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Old June 8, 2024, 08:27 PM   #1
Join Date: March 20, 2020
Posts: 25
Parts interchangeability for Turkish shotguns

I bought an RIA / Derya / Lion X6 about 5 yrs ago.
It's sort of a tactical 18" barrel with a pic rail and a brake on the muzzle.
I like the way it operates, and I have no complaints other than parts non-availabity.
The guy who sold it to me said he has a shipping container full of parts, but when I asked him for something he doesn't have it.
No big deal, it was cheap.
I bought another RIA / Derya Lion with a 28" barrel, and the operation is similar in some ways, then in other ways, completely different.

My question :
Does anyone know if these guns are a clone of another gun that's produced elsewhere ?
It seems like their operation and design is closest to CZ,
With a gas piston / spring system that is surrounding the magazine tube .
But the two RIAs that I have use different diameter pistons and the bolts and firing mechanism are slightly different as well.
So they aren't even a 'Clone' of each other LOL
No TRUE parts interchangeability.

Just asking around - Thanks for any assistance

Some Shotguns Groups throw shade at Turk gun owners...
Hopefully, I'll get some friendly advice here

Last edited by BeeKay; June 8, 2024 at 08:37 PM.
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Old June 10, 2024, 09:17 AM   #2
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i have the lion with pic rail and extended mag it to stay in the ranger and that is where it lives...along with heavy turkey loads and coyote load shells

you are right it was cheap and works quite well

mine came with a pistol grip just felt wrong to me on a shot gun so i started looking to change it out and found a lot of parts on numeric(spelling) arms.....they have stocks and other stuff might want to check them out

i kinda thought all the parts were the same too..well for the same brand anyway....the stock i bought went right on no problems

hope this helped and you find the parts you want or need

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Old June 10, 2024, 07:10 PM   #3
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The Turks seem to cycle through shotgun designs quickly and importers come in and go out of business fast.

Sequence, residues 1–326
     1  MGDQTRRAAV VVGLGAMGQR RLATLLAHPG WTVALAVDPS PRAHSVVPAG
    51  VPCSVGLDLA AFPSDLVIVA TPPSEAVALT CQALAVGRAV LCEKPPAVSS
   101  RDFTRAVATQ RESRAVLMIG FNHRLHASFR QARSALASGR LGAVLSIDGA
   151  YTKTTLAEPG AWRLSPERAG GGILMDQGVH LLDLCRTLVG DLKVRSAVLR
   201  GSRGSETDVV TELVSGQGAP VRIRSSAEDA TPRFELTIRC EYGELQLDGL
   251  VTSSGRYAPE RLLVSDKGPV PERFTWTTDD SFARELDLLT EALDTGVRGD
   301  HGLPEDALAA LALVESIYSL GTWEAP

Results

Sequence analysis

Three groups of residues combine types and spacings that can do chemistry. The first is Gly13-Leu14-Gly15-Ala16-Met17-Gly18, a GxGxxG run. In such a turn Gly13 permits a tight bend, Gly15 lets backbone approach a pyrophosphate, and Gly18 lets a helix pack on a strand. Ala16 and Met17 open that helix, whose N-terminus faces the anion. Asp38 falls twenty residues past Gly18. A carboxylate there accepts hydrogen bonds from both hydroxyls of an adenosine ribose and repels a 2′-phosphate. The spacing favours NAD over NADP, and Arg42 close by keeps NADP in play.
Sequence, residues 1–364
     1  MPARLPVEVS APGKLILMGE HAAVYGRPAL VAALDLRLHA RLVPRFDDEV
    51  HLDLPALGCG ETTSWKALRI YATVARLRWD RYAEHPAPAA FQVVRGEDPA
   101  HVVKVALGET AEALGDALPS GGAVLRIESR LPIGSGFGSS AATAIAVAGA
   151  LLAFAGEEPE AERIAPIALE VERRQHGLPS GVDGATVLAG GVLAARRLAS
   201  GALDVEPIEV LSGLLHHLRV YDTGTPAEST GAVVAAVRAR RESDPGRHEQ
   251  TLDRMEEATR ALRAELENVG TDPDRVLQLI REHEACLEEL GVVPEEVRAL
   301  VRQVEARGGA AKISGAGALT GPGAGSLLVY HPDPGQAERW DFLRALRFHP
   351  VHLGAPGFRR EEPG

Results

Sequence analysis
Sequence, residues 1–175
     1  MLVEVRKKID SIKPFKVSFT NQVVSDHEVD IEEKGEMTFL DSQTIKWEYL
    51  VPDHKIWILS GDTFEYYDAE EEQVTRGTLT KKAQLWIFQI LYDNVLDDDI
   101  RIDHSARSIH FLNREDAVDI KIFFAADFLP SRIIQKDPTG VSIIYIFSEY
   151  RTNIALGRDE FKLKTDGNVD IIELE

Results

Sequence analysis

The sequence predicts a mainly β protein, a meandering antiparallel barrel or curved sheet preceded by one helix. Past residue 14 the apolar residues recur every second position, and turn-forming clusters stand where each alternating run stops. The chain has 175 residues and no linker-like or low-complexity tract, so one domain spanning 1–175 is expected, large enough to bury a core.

What's imported today is made differently and imported by someone else so fast it's hard to keep up.

The guns may be very similar, but the designs change according to the manufacture updating and the importer asking for changes to use as selling points.

For these reasons, getting parts is very questionable, and a possibly better answer is to buy two of them and rob one for spare parts as needed.
Pricewise this may work due to the usually low price of the guns.

The only other options are to try to track down the importer and ask about parts or service, and to look at sources like Gun Parts Corp and hope the parts are compatible with the version you have.
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Old June 10, 2024, 09:34 PM   #4
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Depends on the maker and who they made guns for - S&W had AKUS make their Elite Gold SxS for a while and when S&W stopped, their line was picked up by Cabelas as the Dickinson; well made guns and great results
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Old June 11, 2024, 03:47 PM   #5
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Turkish shotguns

I had an old gunsmith tell me:
"If you buy a Turkish shotgun and it works and you like it go buy 2 or 3 more because after a year you won't get parts because their designs change so often and rarely have parts interchangability."